The Test Drive

Now, you've listed your car for sale, the ad is out, and you've already spoken with a few folks.

Someone wants to come over and actually drive your car. What do you do?

We recommend going on the test drive with the prospective purchaser, for three reasons: first, if something untoward happens like, say, an engine meltdown or an accident, you will have been there to see it happen, and won't simply be relying on their version of the incident. Second, with you in the car, it's much harder for them to steal it and use it in a bank heist. Third, the test drive is a great opportunity to talk about your car and point out its features.

If you have a high-performance car that begs to be driven aggressively, you should absolutely go on the test drive. With you riding shotgun, the buyer will be much less likely to drive like a maniac.

"If the buyer refuses to show you his driver's
license, take that as a red flag."

If you have an especially nice car, that you really would hate to see wrecked, you should also make sure to go on the test drive.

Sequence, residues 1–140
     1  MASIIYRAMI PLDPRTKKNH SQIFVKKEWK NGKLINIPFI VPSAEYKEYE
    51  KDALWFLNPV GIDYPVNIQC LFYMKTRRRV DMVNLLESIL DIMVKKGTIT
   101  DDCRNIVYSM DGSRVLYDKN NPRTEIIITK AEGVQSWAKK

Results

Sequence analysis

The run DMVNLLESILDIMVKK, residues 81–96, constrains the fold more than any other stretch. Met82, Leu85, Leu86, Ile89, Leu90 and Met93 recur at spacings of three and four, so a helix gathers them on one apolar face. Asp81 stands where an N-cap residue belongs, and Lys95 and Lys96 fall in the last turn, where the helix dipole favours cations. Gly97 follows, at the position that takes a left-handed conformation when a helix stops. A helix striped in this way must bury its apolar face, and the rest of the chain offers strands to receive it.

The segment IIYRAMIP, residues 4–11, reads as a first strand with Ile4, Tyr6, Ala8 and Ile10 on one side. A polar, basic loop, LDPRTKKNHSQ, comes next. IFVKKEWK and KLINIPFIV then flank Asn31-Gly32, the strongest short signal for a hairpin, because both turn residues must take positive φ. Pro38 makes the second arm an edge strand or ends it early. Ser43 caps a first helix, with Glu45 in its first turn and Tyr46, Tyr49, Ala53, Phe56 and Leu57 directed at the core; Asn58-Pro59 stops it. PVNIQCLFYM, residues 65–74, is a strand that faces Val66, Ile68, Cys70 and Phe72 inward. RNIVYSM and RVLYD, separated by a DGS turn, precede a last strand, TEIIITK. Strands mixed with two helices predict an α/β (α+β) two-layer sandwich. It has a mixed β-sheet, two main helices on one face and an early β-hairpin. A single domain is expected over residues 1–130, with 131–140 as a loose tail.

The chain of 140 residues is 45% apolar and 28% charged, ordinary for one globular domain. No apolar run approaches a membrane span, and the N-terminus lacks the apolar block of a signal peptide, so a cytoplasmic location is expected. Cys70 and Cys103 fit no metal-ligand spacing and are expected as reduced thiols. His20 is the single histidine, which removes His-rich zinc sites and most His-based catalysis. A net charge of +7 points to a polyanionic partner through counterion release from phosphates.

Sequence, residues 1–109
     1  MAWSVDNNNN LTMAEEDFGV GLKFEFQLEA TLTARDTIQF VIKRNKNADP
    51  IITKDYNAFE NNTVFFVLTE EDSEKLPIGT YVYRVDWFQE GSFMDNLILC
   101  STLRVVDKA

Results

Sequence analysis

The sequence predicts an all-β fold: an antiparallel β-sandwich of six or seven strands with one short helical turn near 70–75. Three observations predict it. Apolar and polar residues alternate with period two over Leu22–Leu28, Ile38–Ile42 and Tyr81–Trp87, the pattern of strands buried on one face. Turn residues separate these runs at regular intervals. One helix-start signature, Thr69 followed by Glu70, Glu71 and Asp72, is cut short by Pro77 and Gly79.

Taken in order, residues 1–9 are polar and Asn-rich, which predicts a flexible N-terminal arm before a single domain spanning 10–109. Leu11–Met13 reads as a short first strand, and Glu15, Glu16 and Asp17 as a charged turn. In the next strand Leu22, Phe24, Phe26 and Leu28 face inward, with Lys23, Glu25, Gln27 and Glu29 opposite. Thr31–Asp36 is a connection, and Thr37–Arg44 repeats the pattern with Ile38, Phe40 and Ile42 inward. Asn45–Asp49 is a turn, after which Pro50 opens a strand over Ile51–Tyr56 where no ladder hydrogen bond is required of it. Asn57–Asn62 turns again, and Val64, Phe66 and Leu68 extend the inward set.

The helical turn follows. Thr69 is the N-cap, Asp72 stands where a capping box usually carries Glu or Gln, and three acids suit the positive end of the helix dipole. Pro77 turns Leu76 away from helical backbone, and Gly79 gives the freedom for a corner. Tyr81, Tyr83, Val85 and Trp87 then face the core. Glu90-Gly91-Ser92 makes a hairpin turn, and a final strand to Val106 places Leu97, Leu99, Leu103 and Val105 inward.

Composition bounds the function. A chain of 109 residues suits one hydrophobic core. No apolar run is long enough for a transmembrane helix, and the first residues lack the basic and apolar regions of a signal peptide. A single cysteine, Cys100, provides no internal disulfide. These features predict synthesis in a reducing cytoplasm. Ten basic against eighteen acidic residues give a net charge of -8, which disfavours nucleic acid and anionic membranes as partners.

On the other hand, if you're selling a jalopy, the consequences are less severe should the prospective buyer total your car or damage it. We'd be less concerned about going on the test drive in that case. (In fact, with the insurance settlement, it might work to your advantage!)

If you're a woman, we'd humbly suggest you think carefully about whether you want to go out on a test drive with an unknown man. You may be putting yourself at personal risk. And, if you think you can tell whether someone is trustworthy by his looks, we'd like you to take this little test.

Meeting a Prospective Buyer

This should cause you to reconsider whether you want to go on a test drive with any unknown guy. If you have any doubts, arrange to have a friend there with you, for the test drive portion of the transaction.

Finally, before you head out on a test drive, we'd suggest you ask to see the prospective buyer's driver's license. Write down his full name, and the license number. If he asks why, tell him your insurance company requires it. Hang on to the information, until the transaction is done and the check has cleared. It's good protection, in case you have the misfortune to be scammed.

If the buyer refuses to show you his driver's license, take that as a red flag. Get the license plate number of his car, and call the cops.